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Swing in a better world: Compound components

Posted by alexfromsun on September 7, 2011 at 9:13 AM PDT

Swing makes it very easy to control and modify simple components like JLabel or JButton. It gets trickier when you customize a compound component like JTree or JTable. Unlike a simple component, JTable consists of multiple subcomponents like table header, renderer and editor, so actually JTable is not a single component but a container with several descendants.

Imagine that you want to customize a JLabel to change its border when you move the mouse cursor over it. You just add a mouse listener and switch the border there back and forth. Now let's make the task a bit more challenging - you want make the same trick with a JPanel which contains a JButton inside.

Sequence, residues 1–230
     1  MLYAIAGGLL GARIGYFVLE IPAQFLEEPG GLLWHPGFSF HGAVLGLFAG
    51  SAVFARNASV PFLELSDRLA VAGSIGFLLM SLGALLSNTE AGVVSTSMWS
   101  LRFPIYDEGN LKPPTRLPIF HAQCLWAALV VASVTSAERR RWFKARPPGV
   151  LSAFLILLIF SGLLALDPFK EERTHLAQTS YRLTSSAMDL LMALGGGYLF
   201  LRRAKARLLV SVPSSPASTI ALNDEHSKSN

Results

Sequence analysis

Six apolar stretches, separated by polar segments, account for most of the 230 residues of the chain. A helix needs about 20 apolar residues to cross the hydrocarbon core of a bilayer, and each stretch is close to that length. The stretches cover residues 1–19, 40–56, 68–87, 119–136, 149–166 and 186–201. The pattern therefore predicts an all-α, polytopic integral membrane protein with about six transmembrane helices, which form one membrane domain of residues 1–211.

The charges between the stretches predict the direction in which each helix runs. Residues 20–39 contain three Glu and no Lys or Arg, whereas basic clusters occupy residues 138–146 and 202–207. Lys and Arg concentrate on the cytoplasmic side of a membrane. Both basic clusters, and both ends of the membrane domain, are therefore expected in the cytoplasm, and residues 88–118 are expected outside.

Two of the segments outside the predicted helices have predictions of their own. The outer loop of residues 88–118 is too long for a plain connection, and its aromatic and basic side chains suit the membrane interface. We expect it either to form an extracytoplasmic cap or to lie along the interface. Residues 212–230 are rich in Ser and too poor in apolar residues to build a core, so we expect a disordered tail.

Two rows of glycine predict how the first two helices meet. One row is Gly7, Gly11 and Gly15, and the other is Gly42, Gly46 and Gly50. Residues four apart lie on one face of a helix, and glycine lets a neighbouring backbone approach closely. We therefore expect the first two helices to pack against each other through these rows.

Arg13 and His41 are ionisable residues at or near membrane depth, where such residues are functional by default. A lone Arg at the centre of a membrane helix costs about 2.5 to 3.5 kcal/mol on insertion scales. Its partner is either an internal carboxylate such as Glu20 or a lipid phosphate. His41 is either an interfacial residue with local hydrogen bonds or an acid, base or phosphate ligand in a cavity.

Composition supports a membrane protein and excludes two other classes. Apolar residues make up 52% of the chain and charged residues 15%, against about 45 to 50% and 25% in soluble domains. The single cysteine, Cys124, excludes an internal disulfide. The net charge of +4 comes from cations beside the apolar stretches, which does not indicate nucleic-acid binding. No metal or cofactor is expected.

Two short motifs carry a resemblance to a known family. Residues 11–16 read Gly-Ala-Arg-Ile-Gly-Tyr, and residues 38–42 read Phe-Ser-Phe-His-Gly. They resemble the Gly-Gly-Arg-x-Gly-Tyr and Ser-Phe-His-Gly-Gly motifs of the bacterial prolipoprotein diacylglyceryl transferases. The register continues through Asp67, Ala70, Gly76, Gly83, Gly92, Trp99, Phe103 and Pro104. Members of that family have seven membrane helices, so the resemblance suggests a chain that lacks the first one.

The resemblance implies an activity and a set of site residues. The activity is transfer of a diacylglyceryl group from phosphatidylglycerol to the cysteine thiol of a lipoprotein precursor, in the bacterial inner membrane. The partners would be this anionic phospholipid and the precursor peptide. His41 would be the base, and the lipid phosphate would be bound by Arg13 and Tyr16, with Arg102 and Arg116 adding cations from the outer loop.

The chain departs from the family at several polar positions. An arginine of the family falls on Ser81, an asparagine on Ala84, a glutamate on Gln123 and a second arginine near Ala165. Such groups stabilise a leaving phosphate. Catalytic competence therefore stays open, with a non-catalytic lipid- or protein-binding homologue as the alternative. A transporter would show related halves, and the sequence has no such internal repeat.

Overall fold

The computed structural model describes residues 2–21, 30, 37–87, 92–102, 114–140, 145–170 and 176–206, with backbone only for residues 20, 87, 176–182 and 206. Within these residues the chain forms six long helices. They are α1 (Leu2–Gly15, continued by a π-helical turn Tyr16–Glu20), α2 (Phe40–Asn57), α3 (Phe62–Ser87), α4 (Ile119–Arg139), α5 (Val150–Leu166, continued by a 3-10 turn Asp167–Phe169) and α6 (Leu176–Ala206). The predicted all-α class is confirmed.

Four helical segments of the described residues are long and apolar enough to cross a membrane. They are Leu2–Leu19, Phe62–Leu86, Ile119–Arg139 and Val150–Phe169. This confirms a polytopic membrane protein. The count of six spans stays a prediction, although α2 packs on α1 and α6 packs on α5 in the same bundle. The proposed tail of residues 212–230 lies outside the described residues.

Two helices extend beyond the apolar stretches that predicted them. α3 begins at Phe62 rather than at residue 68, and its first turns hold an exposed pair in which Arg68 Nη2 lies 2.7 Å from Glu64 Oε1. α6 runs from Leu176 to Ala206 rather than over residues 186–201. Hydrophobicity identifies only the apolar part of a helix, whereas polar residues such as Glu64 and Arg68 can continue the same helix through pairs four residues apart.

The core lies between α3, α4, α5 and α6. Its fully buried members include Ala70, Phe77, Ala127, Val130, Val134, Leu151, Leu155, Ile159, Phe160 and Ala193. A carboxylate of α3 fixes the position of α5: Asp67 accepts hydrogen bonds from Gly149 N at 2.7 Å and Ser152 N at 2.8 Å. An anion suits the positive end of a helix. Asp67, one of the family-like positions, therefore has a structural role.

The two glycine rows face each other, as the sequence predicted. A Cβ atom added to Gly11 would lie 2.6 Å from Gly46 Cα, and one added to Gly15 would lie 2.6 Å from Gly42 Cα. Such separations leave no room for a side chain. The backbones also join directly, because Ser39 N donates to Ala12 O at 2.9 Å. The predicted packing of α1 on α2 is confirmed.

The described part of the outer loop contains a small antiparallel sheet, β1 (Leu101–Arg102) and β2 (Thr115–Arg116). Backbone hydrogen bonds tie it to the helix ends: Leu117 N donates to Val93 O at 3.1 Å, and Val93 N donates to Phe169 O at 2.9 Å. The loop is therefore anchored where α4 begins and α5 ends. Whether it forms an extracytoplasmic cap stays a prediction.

import javax.swing.*;
import java.awt.*;
import java.awt.event.*;

public class JPanelTest extends JFrame {
    public JPanelTest() {
        super("JPanel test");
        setDefaultCloseOperation(JFrame.EXIT_ON_CLOSE);

        final JPanel panel = new JPanel();
        add(panel);
       
        panel.addMouseListener(new MouseAdapter() {
            public void mouseEntered(MouseEvent e) {
                panel.setBorder(
                BorderFactory.createLineBorder(Color.GREEN, 5));
            }

            public void mouseExited(MouseEvent e) {
                panel.setBorder(null);
            }
        });
       
        panel.setLayout(new GridLayout(0, 2));
        panel.add(new JButton("JButton"));
       
        setSize(300, 300);
        setLocationRelativeTo(null);
    }

    public static void main(String... args) throws Exception {